Nicholas Argyropoulos was a child when Germany invaded Greece during World War II, and tragedy struck his family when the communists killed his father. By the age of sixteen, he enlisted in the Greek army and fought the communists for two years during the Greek Civil War, before being whisked away to America, where he married, raised a family, and continues to work in his shoe repair store.
Every person has a story and seeing an elderly and simple man repairing shoes; one would think that his story would not be interesting. But looking closer, this story, a journey of almost eight decades from the killing grounds of Greece to repairing shoes for everyday people, is a tale to be preserved and remembered.
Nick was born in 1931, in Kato Poroia, Macedonia, Greece, just outside of the town of Serres. Shortly after, his family moved to Agia Paraskevi near Thessaloniki, Greece. At the age of ten, Nicholas’ father was taken into the mountains of Macedonia by Greek communists, fighting the Germans, and was killed. That same year, to help the surviving family members live, he went to work as a cobbler’s apprentice in a store in Thessaloniki, where his family had moved to. He continued his schooling until high school, where he quit at the age of sixteen and joined the Greek special forces. By seventeen, he was a highly trained officer that fought the communists during the Greek Civil War, but his training and activities during this time made him a prime target for the communists. With the help of the American government, he escaped to the United States in 1950.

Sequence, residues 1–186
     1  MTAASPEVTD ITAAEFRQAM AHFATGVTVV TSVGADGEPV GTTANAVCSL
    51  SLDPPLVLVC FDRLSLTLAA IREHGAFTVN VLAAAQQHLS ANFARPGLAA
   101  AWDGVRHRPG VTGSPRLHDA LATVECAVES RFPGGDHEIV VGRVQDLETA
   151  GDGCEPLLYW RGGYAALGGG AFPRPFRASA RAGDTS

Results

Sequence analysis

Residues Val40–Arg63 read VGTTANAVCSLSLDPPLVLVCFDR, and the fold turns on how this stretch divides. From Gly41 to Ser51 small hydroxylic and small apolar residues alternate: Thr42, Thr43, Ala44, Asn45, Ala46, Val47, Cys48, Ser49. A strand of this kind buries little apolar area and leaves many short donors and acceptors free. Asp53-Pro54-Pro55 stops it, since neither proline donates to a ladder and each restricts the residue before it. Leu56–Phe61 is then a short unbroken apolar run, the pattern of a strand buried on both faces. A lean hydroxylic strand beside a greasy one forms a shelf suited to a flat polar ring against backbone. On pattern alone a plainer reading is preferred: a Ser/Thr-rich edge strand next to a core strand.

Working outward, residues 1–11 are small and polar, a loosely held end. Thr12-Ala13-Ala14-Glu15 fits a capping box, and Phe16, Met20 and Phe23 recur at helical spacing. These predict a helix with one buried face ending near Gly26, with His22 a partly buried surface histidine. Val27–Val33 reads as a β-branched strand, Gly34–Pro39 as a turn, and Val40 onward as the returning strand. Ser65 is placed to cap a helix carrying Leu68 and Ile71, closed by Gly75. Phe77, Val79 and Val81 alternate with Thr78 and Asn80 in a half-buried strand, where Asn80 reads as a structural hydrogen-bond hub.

After coming to this country, he spent a month in New York City and then moved to the Philadelphia area, where he found a job with the Newtown-Elgin Shoe Manufacturing Co., now out of business. His mother (Sultana) and three siblings followed several years later, and soon Nick married his wife, Maria, and had three children, Vicky, Theodore (Rocky), and Sotirios (Sam). From 1956 to 1958, he served a hitch in the United States Army, mostly in Germany, and then returned to cutting leather in a shoe factory.
Eventually, in the early 1970s, along with a partner, he opened Nick Caesar’s Shoe Repair in Exton, Pennsylvania. At the age of 89, he continues to run his store and service the community, which adored him, and which he returns that adoration.
Originally published on Cosmos Philly by Eleftherios Kostans.